Over the years, public figures have made cosmetic surgery procedures such as liposuction and breast augmentation popular – and while they may have done these procedures purely for the reason of enhancing/altering their looks – ordinary people are finding these procedures beneficial for their health too.
One such person is Cape Town resident, Asanda Munyu (29) who recently did a breast reduction surgery after suffering with the complications of having large breasts for years.
“I have struggled with my breasts since I was a young 12-year-old girl, that’s the last time I remember wearing a bra just because I could, let alone run without using my hands on my chest as protective gear. I spent so many years with oversized, heavy and large breasts that I developed chronic back problems and severe neck and shoulder pain that was quite hard and expensive to manage,” she tells TRUELOVE.
“My health is only just one of the problems. I could go on and on about my struggle with finding clothes and underwear that fit and how that affected my self-esteem from high school into my late 20s. The disproportioned body, unwanted cleavage that made me and other people uncomfortable, the comments - I have been in a mental and physical war with myself for years,” she continues.
But now, the PR and Influencer Campaign manager is happier than ever and looks forward to wearing outfits that her size 36E/F breasts previously hindered her from wearing.
“It’s honestly a life changing experience. I cannot wait to buy a sports bra that actually fits me, I don’t have to spend thousands on just a simple black bra. Girl, I am about to wear bare backs and round necks and most importantly I am hoping that this is the end of the road for the back and neck pains that have tortured me all my life,” she says.
However, getting her desired new breasts was not an easy journey. She had to use her life savings to pay for the total procedure after her medical aid refused to pay for the surgery due to it not being recognised as a medical procedure.
“Getting the procedure done is difficult if you don’t have the financial means to be honest. A lot of medical aids are coming to the party and recognising this as a medical procedure instead of a cosmetic one, however, most medical aids are still stubborn and refuse to help women. Clinics and public hospitals offer this surgery too, however, there are long waiting lists that require you to be patient and persistent,” she says.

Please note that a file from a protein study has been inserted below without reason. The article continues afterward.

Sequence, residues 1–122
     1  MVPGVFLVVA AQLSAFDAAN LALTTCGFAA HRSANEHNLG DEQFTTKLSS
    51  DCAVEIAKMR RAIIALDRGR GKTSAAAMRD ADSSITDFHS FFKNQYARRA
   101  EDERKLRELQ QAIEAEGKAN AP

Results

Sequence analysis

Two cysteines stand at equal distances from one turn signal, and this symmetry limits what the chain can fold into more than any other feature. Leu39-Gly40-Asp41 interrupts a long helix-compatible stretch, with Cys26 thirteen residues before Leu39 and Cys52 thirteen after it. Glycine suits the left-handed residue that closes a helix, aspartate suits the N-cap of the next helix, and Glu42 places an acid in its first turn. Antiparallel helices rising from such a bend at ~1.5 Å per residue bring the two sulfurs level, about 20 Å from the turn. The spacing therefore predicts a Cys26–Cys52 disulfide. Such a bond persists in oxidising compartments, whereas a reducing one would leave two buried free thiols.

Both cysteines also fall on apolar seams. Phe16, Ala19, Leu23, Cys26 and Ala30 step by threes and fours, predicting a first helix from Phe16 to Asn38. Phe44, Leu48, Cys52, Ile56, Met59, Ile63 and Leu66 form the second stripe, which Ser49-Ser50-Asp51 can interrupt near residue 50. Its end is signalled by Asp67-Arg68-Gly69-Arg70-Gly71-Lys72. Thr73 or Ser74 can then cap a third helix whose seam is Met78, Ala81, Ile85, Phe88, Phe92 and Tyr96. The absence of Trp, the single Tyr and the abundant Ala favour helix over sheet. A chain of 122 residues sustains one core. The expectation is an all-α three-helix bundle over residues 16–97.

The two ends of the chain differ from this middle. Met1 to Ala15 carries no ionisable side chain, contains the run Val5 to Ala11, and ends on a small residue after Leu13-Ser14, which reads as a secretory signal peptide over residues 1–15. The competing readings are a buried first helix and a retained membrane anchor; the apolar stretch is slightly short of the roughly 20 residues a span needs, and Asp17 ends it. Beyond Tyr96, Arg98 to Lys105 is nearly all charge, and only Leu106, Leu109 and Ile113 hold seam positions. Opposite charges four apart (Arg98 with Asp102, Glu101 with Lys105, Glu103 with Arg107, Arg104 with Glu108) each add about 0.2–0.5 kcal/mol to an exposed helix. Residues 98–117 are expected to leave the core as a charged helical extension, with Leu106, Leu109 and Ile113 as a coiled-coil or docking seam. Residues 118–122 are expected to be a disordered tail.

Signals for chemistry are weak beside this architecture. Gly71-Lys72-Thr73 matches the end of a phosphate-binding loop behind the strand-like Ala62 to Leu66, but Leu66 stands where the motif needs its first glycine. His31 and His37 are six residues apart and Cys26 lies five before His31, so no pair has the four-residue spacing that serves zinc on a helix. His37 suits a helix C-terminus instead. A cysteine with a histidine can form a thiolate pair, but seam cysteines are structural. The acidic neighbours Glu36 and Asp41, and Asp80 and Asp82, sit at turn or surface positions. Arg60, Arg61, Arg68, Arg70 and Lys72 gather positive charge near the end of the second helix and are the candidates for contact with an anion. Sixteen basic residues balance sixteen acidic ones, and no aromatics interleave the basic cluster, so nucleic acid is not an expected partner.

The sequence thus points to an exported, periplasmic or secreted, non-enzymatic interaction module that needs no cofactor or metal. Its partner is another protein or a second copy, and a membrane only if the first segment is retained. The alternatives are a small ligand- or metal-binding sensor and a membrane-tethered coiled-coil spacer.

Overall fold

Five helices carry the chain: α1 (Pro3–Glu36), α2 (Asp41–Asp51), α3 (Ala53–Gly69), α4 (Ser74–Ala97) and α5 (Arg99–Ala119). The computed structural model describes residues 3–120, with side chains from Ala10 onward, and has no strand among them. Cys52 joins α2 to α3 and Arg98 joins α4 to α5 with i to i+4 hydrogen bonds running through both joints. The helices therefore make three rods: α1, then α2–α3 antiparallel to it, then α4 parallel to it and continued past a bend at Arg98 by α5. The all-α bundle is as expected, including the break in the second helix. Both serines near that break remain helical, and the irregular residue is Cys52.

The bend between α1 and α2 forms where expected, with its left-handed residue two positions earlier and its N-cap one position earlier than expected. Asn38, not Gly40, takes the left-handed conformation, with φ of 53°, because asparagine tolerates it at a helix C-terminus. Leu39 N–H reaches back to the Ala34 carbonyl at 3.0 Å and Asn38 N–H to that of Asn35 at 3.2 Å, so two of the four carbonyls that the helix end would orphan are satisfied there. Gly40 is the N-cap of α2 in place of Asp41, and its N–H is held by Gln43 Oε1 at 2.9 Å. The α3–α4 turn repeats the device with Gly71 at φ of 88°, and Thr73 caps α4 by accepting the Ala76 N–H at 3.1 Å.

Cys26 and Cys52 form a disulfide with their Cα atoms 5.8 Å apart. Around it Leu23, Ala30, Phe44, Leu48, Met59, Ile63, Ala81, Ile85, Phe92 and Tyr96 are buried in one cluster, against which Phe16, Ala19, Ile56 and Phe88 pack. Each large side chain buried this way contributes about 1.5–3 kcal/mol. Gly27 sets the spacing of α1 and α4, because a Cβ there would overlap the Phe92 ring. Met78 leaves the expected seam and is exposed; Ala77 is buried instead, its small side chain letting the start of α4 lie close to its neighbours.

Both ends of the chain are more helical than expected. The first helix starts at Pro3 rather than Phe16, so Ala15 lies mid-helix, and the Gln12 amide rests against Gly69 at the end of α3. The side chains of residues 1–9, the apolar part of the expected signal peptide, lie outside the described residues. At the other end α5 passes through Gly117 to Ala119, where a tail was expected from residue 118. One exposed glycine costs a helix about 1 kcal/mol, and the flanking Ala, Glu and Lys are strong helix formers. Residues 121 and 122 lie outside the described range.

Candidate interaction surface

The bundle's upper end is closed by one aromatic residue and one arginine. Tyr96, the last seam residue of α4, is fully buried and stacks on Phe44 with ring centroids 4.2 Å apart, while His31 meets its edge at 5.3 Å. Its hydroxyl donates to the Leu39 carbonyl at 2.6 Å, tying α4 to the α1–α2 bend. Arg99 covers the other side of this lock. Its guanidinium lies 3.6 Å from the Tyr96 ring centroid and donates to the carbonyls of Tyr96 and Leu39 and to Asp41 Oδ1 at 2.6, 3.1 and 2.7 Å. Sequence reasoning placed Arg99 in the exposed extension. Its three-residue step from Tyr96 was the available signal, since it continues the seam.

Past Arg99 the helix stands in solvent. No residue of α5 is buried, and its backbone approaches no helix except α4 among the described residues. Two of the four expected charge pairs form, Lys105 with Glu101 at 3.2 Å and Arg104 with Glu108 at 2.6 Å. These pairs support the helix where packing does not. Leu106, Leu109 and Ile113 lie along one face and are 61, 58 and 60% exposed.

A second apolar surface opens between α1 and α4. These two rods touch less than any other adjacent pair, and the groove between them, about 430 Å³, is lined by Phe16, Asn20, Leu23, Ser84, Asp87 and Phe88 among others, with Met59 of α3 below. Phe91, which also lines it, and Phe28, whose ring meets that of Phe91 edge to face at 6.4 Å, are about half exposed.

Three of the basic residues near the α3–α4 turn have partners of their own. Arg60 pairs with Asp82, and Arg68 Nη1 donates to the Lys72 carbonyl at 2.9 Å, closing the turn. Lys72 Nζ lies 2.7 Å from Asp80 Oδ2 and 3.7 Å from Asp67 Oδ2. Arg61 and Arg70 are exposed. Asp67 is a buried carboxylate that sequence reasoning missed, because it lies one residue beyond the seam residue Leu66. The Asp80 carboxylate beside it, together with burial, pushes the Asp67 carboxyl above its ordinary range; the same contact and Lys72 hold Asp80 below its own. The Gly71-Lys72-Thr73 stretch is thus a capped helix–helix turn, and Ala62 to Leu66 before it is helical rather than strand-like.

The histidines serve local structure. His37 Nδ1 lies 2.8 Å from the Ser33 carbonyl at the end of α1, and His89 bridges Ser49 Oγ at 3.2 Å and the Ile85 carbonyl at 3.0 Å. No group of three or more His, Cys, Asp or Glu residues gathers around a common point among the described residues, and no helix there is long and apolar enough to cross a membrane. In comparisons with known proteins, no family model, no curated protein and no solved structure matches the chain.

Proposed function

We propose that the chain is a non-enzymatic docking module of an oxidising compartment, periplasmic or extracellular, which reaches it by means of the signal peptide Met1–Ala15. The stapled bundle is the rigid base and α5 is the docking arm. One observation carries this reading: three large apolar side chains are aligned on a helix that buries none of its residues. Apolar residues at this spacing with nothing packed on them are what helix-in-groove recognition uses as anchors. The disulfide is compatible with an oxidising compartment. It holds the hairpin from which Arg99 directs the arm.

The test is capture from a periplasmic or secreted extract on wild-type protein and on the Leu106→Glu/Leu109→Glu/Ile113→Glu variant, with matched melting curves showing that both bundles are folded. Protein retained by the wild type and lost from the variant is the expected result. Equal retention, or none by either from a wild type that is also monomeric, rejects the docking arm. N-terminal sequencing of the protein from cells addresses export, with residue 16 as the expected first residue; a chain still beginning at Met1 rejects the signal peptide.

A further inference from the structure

Preparing for the surgery
After gathering all the funds that she thought would be enough for the procedure, Munyu then started preparing for it by doing a lot of research.
“I conducted extensive research on the topic [and] found a surgeon and went to consult with her," she says.
"The consultation was covered by my medical aid. The surgeon (Dr Meyer) and I clicked and she slowly took me through the process and all the other options that were available for me. The journey was long but I was patient. I had to gather motivations to be submitted to the medical aid by Dr Meyer, I received written motivations from my physiotherapist, family GP, MRI back scans which were submitted to the medical aid by Dr Meyer, together with her motivation and images she took of my bare breasts and shoulders. However, our efforts failed, and I was rejected by the medical aid."
But because she was adamant on doing the surgery and not entering her 30s with the same breasts struggles, Munyu then enquired about the cash option.
“I received the quote from hospital, the surgeon and the aesthetician. I then saved up some money and combined it with my savings. I received a date the minute the president announced that we were on level one and doctors would do elective surgeries. It took me a total of four months to prepare.”What the surgery entails
“My operation was at 10am and I was out of the theatre room by 2pm. I stayed at the hospital over night and was discharged the following day at 12pm,” Munyu says.
“Like all surgeries, pain is involved. However, you’re given medication to manage the pain. My pain score was roughly around 1/10 for the first two days. I had two drains and a vacuum machine which assisted with the closure of the wounds – this was painful, after that it has been more of a discomfort than pain. My personal experience right now is swollen breasts, some itching here and there, nipples are oversensitive and obviously the scarring. Staying in bed and doing minimal movement is essential because the pain does get worse as the weeks progress,” she adds.
Now, Asanda feels lighter, happier and more confident; she's ready to experience the world and life in a brand new way.
- Join the Breast Reduction Support Group on Facebook
- Do your research and consult in both private and public hospitals
- Have someone who will help you and nurse you at home for the first few days after your surgery
- Do it if you feel like you need it!